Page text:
UN calls for meeting over escalating Israeli-Palestinian violence
Palestinian stabs 4 people in Israeli home, while clashes over holy site result in 3 Palestinian deaths
The United Nations Security Council will meet on Monday to discuss the worst spate of Israeli-Palestinian violence in years, diplomats said on Saturday as clashes continued around a contested Jerusalem holy site.
Sweden, Egypt and France requested the meeting to "urgently discuss how calls for de-escalation in Jerusalem can be supported," Sweden's Deputy UN ambassador, Carl Skau, posted on Twitter.
Israel's defence minister consulted with senior commanders in the West Bank on Saturday, a day after a Palestinian man stabbed to death three members of an Israeli family in their home and widespread Israeli-Palestinian clashes erupted over new security measures imposed at the shrine.
The father of the 20-year-old Palestinian assailant said he believes his son was upset over the loss of Palestinian lives and wanted to protect the "honour" of the Jerusalem holy site.
Israeli Defence Minister Avigodor Lieberman said in his meeting with commanders that the attacker's home would be demolished swiftly. He called on Palestinian President Mahmoud Abbas to condemn the attack he described as a "slaughter." Lieberman and army chief Lt.-Gen. Gadi Eizenkot, visited the scene of the attack.
Earlier, the Israeli military said it sent more troops to the West Bank.
The Israeli military says disturbances have erupted in the West Bank village where the attacker lived.
The military says about 50 people hurled rocks at Israeli troops in Kobar as they were searching the home of the attacker. Local residents said the family emptied its home of valuables, anticipating its demolition. They said local residents threw stones and burned tires and that soldiers fired rubber bullets and tear gas.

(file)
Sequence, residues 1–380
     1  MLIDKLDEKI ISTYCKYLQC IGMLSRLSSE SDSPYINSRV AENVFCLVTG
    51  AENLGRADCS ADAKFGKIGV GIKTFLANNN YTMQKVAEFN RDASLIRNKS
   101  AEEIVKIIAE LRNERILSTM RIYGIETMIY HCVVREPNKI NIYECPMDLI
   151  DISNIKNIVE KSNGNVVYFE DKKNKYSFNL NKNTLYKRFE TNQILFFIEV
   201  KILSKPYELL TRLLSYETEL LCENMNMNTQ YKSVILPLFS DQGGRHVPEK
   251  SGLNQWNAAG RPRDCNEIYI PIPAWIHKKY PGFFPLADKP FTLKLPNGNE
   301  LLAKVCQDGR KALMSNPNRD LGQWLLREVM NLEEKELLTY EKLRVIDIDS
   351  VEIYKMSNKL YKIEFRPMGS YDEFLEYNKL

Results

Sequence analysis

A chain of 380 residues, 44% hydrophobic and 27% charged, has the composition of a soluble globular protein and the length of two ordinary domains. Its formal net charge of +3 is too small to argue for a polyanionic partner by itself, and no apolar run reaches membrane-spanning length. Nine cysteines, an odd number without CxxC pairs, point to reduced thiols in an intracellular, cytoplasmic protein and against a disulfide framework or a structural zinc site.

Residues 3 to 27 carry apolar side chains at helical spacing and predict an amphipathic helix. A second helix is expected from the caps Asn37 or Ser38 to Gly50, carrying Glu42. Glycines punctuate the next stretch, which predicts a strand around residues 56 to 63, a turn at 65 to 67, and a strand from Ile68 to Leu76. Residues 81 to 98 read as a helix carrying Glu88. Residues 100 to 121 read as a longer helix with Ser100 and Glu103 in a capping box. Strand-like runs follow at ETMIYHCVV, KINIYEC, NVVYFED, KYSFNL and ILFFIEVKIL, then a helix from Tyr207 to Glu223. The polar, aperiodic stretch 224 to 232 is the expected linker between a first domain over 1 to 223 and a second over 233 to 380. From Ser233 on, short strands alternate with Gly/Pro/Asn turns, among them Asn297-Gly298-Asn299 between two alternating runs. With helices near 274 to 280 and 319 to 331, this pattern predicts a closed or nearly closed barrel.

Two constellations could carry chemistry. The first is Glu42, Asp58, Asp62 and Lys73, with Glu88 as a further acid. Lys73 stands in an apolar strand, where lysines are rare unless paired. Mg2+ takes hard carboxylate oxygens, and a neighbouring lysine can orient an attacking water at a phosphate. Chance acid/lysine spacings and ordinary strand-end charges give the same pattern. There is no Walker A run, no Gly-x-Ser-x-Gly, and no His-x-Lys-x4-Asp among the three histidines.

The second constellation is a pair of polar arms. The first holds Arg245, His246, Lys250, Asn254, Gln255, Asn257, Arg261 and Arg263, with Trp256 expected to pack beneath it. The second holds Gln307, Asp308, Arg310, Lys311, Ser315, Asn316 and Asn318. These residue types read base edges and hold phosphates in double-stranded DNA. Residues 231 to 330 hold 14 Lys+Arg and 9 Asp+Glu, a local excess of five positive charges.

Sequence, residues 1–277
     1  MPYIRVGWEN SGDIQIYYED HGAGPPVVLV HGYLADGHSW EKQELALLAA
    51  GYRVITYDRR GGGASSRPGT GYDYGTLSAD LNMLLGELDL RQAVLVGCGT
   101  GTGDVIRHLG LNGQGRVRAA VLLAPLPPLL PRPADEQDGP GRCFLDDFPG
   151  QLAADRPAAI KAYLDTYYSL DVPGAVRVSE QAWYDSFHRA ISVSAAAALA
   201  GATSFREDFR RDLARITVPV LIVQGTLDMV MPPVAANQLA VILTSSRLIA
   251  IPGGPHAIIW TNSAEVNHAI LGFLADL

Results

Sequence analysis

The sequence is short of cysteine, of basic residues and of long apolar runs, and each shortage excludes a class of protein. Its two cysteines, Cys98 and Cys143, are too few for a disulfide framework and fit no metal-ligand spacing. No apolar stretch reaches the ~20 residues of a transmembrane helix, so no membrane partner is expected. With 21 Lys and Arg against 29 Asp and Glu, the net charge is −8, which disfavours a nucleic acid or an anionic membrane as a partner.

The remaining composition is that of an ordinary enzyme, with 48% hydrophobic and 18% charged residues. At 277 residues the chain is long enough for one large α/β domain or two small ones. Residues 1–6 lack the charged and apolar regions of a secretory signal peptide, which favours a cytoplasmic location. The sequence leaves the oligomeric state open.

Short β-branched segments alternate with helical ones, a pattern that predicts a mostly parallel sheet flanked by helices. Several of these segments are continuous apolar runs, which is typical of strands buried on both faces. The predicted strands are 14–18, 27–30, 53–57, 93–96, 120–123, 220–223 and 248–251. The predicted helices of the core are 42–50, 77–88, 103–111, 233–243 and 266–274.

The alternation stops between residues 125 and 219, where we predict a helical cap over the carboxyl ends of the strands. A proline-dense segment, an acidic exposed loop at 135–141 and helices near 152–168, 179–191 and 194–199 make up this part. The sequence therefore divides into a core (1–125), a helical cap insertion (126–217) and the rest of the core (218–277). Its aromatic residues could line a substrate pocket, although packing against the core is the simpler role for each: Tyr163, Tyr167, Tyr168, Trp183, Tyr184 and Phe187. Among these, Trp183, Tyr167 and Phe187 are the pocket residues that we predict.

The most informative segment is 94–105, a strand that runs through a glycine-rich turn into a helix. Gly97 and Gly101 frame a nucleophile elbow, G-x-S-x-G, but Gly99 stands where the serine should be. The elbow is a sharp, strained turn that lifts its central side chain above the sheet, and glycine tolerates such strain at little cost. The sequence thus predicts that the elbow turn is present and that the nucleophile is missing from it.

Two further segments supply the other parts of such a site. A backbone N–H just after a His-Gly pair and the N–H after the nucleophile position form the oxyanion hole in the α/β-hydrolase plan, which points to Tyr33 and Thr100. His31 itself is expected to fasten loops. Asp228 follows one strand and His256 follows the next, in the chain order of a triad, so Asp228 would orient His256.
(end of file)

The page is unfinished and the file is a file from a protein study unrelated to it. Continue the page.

Hundreds of Palestinians defiantly held their evening prayers on Saturday outside the holy site they call Haram esh-Sharif and Jewish worshippers call the Temple Mount, refusing to pass through security measures Israel imposed after a deadly attack there.
Disputes over the shrine, revered by Muslims and Jews, have set off major rounds of Israeli-Palestinian confrontations in the past. They were also at the root of the current violence which began last week when Arab-Israeli gunmen fired from the shrine, killing two Israeli policemen.
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In response, Israel installed metal detectors at the gates of the 15-hectare walled compound, portraying the devices as a needed security measure to prevent more attacks.
Muslims alleged Israel was trying to expand its control at the Muslim-administered site under the guise of security — a claim Israel denies — and launched mass prayer protests.
On Friday, anger boiled over and several thousand Palestinians clashed with Israeli security forces in the West Bank and in Jerusalem after noon prayers, the highlight of the Muslim religious week. Three Palestinians were killed and several dozen wounded by live rounds and bullets in some of the worst street clashes in two years.